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Planet Earth

A Brain That Talks

Our brains are much like those of our primate cousins, so where did we get our uniquely human gift of speech? One human says we simply rewired brain structures devoted to a different, more general primate specialty--vision.

By Jo Ann C GutinJune 1, 1996 5:00 AM


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I always had this weird idea that I had to know lots of different things, says a faintly uncomfortable Marty Sereno. He shifts in his chair, turning his back to a Post-it-fringed computer screen and a table so deep in open journals that it looks like the cross-bedded planes of a geologic formation. Sereno is sitting in his office at the University of California at San Diego, where drawn miniblinds shut out the distracting southern California sunshine. When you’re trying to do interdisciplinary stuff, he continues, it’s no good putting two specialists together in a room, because they can’t talk to each other. You’ve got to pretend you’re in the other field; you have to go and live with the natives. It has to be all in one head.

To understate the case considerably, the 40-year-old Sereno has a lot of things in one head. There is his primary research interest, of course, which is the neurological architecture of vision in primates and rodents. Then there are the new techniques in brain imaging that he has helped pioneer, and the computer programs he and his collaborators have conceived to display the results. There is, as well, a wealth of information on subjects as various as linguistics, communication systems in animals, philosophy, and modern jazz (he’s an avid guitarist).

And then there is his unconventional theory about brain evolution and the origins of human language, which has been simmering on a back burner of his mind since graduate school. The theory appears flamboyantly interdisciplinary and complex. But Sereno merely shrugs at that characterization. Some things just have a lot of parts, he says. Not an impossible number, but enough that ten won’t do. Sometimes it just has to be a hundred.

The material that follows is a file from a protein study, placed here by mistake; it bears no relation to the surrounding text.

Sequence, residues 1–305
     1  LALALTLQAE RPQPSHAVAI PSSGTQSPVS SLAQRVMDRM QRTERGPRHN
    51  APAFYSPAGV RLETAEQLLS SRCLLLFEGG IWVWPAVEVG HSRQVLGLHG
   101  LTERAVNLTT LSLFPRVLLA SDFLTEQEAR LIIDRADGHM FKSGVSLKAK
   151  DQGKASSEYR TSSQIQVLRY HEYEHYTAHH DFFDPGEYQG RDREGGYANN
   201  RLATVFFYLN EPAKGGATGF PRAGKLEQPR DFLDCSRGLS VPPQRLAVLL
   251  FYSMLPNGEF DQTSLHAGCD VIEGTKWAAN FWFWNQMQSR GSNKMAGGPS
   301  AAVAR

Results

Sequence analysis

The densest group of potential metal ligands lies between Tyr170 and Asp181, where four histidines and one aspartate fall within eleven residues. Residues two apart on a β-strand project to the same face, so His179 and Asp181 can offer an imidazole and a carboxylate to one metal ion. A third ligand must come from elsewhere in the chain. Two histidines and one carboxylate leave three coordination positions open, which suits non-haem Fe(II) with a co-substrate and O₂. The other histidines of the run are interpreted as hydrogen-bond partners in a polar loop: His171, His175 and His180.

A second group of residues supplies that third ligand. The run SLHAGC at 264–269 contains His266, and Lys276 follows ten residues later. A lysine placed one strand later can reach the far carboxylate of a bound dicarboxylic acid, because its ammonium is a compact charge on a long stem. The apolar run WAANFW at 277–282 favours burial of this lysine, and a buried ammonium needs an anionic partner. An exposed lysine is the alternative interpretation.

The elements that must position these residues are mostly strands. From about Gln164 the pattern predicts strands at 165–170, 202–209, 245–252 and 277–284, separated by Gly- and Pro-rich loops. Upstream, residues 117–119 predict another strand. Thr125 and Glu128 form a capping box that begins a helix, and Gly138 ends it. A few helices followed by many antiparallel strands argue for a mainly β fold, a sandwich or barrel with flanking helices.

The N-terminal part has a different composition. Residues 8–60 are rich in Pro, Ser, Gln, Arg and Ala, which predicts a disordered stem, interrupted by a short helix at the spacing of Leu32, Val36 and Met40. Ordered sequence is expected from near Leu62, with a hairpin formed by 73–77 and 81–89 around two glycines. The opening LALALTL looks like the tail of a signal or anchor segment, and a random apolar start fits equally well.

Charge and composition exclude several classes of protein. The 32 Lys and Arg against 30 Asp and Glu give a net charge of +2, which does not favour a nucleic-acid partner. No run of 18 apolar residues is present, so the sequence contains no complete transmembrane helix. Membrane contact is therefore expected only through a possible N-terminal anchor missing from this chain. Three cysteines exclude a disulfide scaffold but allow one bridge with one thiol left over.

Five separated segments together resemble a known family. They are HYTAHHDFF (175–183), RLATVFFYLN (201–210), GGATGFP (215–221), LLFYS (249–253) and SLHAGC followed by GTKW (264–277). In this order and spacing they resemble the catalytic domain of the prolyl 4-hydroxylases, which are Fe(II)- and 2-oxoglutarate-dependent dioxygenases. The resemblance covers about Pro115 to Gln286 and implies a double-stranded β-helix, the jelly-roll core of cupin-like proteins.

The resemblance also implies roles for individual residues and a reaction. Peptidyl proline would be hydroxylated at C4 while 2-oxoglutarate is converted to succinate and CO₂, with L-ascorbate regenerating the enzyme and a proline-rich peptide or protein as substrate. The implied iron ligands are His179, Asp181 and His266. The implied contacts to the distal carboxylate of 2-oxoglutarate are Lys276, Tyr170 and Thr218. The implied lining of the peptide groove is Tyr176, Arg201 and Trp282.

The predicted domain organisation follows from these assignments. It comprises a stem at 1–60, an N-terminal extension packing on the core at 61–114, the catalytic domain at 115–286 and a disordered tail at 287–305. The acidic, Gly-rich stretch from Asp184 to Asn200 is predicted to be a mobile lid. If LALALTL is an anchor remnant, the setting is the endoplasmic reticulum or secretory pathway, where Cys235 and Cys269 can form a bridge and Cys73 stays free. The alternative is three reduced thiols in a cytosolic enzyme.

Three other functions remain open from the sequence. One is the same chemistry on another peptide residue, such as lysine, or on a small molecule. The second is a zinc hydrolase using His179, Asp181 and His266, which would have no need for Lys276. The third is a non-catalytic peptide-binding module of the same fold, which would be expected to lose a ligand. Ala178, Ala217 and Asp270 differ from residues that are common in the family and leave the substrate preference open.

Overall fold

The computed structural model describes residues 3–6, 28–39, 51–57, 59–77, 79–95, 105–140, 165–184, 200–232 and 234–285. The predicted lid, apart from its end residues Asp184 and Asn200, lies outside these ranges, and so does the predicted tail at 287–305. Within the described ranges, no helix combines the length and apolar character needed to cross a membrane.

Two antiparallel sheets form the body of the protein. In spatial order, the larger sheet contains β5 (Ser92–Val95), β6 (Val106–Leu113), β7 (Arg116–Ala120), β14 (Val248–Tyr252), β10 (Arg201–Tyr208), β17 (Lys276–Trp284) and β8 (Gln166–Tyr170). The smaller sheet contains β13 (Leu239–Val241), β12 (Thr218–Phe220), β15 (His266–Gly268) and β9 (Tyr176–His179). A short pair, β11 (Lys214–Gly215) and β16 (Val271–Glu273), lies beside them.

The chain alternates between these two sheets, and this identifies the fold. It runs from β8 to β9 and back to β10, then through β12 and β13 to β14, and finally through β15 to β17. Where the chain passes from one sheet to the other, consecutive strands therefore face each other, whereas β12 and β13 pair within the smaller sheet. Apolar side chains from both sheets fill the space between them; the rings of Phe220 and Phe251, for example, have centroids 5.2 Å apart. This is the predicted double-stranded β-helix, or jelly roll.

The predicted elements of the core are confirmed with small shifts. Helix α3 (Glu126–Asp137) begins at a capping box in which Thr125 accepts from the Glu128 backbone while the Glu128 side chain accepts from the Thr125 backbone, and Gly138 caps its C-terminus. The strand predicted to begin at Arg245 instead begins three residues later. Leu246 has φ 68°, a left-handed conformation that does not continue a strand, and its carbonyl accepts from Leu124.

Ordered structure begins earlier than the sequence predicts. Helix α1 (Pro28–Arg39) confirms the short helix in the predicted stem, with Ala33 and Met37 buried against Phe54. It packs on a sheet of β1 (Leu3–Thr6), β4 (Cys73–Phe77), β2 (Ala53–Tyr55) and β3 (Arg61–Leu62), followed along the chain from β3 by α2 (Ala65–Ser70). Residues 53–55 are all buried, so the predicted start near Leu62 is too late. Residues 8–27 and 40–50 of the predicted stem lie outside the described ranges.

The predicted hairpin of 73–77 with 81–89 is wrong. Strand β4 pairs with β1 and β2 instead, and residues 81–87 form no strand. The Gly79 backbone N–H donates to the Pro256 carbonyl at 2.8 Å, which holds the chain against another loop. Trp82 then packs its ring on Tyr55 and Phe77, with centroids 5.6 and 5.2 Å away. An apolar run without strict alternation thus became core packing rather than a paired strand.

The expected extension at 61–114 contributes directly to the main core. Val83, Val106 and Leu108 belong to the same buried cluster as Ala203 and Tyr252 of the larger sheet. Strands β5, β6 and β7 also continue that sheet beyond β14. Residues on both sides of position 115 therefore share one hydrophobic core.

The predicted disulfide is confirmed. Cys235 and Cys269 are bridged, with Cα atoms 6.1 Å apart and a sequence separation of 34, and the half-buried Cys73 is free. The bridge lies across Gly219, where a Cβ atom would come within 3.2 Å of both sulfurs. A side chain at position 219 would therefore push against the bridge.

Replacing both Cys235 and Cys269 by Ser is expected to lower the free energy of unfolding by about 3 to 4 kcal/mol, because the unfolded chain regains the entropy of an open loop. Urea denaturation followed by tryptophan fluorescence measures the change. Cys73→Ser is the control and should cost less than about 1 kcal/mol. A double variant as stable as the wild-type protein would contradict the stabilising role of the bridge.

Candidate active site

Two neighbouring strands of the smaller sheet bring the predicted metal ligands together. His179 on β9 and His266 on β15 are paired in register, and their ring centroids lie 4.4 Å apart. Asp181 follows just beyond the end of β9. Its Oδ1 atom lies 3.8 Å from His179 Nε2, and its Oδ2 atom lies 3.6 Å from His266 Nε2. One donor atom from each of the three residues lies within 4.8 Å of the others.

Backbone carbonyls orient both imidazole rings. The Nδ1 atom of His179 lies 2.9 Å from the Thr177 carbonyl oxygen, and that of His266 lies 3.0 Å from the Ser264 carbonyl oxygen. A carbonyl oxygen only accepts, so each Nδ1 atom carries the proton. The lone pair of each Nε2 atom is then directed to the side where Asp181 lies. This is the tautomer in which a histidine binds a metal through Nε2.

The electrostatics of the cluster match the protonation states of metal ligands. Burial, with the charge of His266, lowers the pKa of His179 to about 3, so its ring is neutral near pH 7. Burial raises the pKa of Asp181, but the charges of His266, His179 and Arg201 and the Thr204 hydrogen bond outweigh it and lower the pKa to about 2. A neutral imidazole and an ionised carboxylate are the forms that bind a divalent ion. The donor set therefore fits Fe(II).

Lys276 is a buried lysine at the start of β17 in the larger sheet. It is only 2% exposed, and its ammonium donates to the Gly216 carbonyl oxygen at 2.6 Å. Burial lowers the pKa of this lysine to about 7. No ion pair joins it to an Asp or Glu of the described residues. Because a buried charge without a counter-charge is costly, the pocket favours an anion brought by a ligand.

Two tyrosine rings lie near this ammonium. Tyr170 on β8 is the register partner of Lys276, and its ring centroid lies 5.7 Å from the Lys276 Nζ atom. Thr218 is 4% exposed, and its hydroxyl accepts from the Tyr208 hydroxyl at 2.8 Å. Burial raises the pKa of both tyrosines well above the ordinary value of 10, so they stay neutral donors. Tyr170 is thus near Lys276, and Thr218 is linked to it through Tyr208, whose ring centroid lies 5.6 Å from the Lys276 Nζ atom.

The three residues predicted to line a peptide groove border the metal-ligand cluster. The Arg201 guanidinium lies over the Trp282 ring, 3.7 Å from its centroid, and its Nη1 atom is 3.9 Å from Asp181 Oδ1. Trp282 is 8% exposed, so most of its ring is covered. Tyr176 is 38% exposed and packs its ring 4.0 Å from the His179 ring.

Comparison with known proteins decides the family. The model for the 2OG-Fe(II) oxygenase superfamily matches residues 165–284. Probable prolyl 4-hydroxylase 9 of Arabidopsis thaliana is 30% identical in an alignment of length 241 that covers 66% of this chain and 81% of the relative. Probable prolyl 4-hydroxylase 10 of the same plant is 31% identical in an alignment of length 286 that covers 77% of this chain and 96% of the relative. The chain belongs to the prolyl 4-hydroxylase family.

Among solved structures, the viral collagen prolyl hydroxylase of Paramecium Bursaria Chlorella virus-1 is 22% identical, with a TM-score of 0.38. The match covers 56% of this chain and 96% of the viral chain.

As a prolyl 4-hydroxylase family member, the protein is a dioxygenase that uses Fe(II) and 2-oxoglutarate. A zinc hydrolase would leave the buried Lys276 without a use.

Reduced to almost haiku proportions, Sereno’s idea is this: language ability arose in the human brain not through the development of a new, uniquely human language organ, as most accounts have it, but by a relatively minor rewiring of a neural system that was already there. And that neural wiring belonged largely to the visual system, a part of the brain that recent research--including Sereno’s own--has shown to be almost unimaginably complex.

These are statements slightly less heretical than those an earlier Martin nailed to the door of Wittenberg Castle Church, but not by much. Language is often regarded as a cognitive boundary, one of the last things that separate us from our primate cousins. But if Sereno is right, and language rode into our brains on the coattails, so to speak, of vision, we humans are once again a little less special than we thought.

For the moment, the evidence Sereno produces to support his theory is largely circumstantial; he cites chiefly the path taken by the brain in the course of its evolution. Roughly 500 million years ago, when the first vertebrates appeared, a small lump at the rear of the brain stem expanded to become the cerebellum. At the same time, a pair of small, primitive structures surrounding the brain stem and cerebellum expanded into the two hemispheres of the cerebrum. Finally, between 200 and 300 million years ago, the six-layered cerebral cortex appeared in mammals as a blanket of nerve cells covering the cerebrum. In humans, this eighth-of-an- inch-thick layer is folded in intricate wrinkles, and the rear two-thirds of it is divided into areas corresponding to the senses, or what neuroscientists call modalities: hearing, touch, vision, and so on.

As Sereno points out, we know that in the other, nonhuman higher primates, the visual processing system takes up half the cortex. It is not known precisely how much of the human brain is given over to vision--the kinds of invasive experiments traditionally needed to determine that can only be done in animals, not people. But Sereno thinks it likely that new techniques in brain scanning will reveal that we, too, have that much visual cortex in our brains. And he thinks that natural selection could well have jury-rigged those preexisting structures to perform some new functions. What could be more logical, he asks, than running the new train of language on the old tracks of vision? We ought to pay more attention to the things animals do that might have been built upon for language, he says. Look--the system is definitely souped up in us. People can do a lot more stuff than monkeys can. But the basic hardware is not that different.